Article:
There are more than 200 viruses that can cause the common cold, but the most common ones are rhinoviruses.  The well-known symptoms include head congestion, nasal congestion, sore throat, coughing, headache, sneezing, and watery eyes.  Children may develop a low grade fever, but this is rare in adults.
Colds usually strike eighteen to twenty-four hours after the virus enters the body.  Most colds clear up on their own in a week to ten days, but occasionally a cold can lead to a more serious illness, such as bronchitis, a middle ear infection, or sinus infection.  It is estimated that healthy adults get an average of two colds per year.  Children generally get many more because their immune systems are immature and they have not yet developed immunity to many of the viruses that cause colds.  
*Unless otherwise specified, the dosages recommended here are for adults.  For a child between the ages of 12 – 17, reduce the dose to three-quarters of the recommended amount.  For a child between 6-12, use one-half of the recommended dose, and for a child under the age of 6, use one-quarter of the recommended amount.  

Nutrients ~ Essential 

1.  A supplement blend of A, C, E, plus the minerals selenium and Zinc (If looking for an allergy friendly brand (including wheat and dairy free) try ACES + Zn from Carlson Labs).  Use as directed on label.

2.  Vitamin A plus carotenoid complex (betatene).  Helps inflamed mucus membranes and strengthens the immune system.  15, 000 IU daily, DO NOT exceed 10,000 IU if pregnant.  

3.  Vitamin C with bioflavonoids (5,000 – 20,000 mg daily in divided doses).  Fights cold viruses.  For children use buffered vitamin C or calcium ascorbate.

Nutrients ~ Important 

1.  Free Form amino acid plus N-acetylcysteine.  (use as directed on label).  To supply needed protein for healing.  The N-acetylcysteine is a powerful antioxidant. 

2.  Garlic capsules.  Kyolic is a great brand.  Check your local natural foods store.  (Use as directed on label).  A natural antibiotic and immune system enhancer.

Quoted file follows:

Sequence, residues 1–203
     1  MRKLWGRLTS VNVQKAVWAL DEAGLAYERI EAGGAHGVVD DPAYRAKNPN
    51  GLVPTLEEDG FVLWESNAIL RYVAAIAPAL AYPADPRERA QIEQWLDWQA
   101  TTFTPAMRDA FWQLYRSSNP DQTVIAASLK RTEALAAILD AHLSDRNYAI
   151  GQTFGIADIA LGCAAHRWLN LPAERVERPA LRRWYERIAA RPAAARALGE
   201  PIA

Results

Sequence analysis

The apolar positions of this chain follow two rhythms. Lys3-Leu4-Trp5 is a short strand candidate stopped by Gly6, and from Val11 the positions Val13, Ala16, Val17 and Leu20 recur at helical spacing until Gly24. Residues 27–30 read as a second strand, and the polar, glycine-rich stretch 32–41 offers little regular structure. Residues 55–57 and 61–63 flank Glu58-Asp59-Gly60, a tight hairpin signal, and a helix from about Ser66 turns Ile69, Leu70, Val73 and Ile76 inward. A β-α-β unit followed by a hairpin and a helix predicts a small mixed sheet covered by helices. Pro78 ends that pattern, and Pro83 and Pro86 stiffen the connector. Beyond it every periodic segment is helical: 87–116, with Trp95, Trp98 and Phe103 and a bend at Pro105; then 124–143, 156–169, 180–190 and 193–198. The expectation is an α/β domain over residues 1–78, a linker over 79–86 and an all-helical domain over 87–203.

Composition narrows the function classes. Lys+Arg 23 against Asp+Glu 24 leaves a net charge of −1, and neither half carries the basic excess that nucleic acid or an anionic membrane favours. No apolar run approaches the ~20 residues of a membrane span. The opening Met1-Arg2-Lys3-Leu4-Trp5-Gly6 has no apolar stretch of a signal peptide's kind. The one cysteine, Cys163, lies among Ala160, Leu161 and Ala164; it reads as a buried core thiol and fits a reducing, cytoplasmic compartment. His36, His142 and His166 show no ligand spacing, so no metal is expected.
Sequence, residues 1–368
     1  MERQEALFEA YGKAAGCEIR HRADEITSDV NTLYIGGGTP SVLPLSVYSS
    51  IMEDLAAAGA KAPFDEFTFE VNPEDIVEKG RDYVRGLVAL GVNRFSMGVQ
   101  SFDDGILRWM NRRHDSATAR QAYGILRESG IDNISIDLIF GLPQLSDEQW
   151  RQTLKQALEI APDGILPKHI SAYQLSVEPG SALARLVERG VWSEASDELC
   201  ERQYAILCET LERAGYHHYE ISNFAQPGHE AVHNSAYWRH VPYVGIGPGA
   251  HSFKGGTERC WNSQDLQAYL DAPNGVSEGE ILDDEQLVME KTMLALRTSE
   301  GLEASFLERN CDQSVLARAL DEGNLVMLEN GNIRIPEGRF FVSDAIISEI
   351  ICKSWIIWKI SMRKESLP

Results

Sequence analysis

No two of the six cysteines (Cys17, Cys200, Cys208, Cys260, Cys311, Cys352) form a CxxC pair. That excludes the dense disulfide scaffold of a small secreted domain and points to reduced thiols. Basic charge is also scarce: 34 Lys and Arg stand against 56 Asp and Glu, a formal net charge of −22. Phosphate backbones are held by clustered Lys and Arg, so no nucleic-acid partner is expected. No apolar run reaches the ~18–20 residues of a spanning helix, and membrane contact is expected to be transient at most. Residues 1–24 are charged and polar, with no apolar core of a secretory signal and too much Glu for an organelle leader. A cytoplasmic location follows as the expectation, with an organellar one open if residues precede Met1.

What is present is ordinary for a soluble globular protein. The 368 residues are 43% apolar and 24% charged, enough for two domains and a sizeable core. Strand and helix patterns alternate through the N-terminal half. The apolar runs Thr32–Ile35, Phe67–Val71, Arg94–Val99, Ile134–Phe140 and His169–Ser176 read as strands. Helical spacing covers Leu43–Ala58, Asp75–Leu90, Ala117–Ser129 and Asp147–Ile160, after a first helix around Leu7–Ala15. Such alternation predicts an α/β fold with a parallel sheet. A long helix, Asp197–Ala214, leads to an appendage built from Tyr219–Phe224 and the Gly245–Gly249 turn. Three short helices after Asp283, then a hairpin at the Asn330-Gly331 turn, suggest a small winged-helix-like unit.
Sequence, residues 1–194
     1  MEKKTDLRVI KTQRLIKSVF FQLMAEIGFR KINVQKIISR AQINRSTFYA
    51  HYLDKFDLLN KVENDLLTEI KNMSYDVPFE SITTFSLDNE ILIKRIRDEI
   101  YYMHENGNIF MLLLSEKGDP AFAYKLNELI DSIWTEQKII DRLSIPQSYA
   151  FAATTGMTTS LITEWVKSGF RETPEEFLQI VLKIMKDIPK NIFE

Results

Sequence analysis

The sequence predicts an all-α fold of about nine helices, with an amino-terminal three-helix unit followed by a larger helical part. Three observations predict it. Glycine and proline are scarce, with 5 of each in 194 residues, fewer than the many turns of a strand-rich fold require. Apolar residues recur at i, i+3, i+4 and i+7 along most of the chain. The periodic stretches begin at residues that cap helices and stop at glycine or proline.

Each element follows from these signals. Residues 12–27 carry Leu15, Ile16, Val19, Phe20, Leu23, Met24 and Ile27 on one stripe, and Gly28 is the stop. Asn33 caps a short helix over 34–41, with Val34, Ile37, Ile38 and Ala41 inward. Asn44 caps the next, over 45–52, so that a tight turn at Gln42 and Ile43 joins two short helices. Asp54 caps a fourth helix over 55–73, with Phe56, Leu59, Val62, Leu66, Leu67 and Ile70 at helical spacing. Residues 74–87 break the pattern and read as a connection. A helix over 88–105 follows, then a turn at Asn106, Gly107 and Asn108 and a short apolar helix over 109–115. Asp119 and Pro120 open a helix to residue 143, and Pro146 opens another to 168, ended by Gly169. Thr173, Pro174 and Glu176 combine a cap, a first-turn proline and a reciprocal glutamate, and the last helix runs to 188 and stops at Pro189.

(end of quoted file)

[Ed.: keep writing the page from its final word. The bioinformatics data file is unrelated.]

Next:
3.  L-lysine.  500 mg daily on an empty stomach, take with water or juice.  Do not take with milk.  Take with 50 mg vitamin B6 and 100 mg vitamin C for better absorption.  Aids in destroying viruses and preventing cold sores.  Caution: do not take lysine for longer than 6 months at at time.
Nutrients ~ Helpful

1.  Multi-Vitamin: (dosage: as directed on label)

All nutrients are necessary in balance: use an iron free, wheat-free, yeast-free, dairy free product only.
2.   Kyo-Dophilus from Wakunaga (dosage: as directed on label)
A dairy-free and yeast free probiotic formula.  Or use probiotic of your choice. 

3.  Olive leaf extract.  (dosage: as directed on label)

Supplements with antibiotic and antiviral properties. 


1.  Sip hot liquids such as turkey, chicken or vegetable broth.  Drink potato peel broth twice a day – make it fresh daily.  You can add a carrot, celery, garlic and/or onions.  

2.  Remain as active as possible.  Not only is staying in bed for ordinary sniffles unnecessary, but it will probably make you feel worse; moving around helps loosen built-up phlegm.  If you have a fever, do not engage in excess activity or exercise.  

3.  Wash your hands often & flush facial tissues.  Remove aggravating food from your diet, such as dairy, wheat, sugar, and alcohol.  Increase healing foods such as fresh, organic fruits and vegetables.  Include these in smoothies.  

Helpful Herbs

1.  Elderberry is recommended for upper respiratory tract infections and headaches associated with colds.  It promotes sweating and can help to break a fever.  Research has found that elderberry is effective against colds because it contains antioxidant flavonoids that protect cell walls against foreign substances.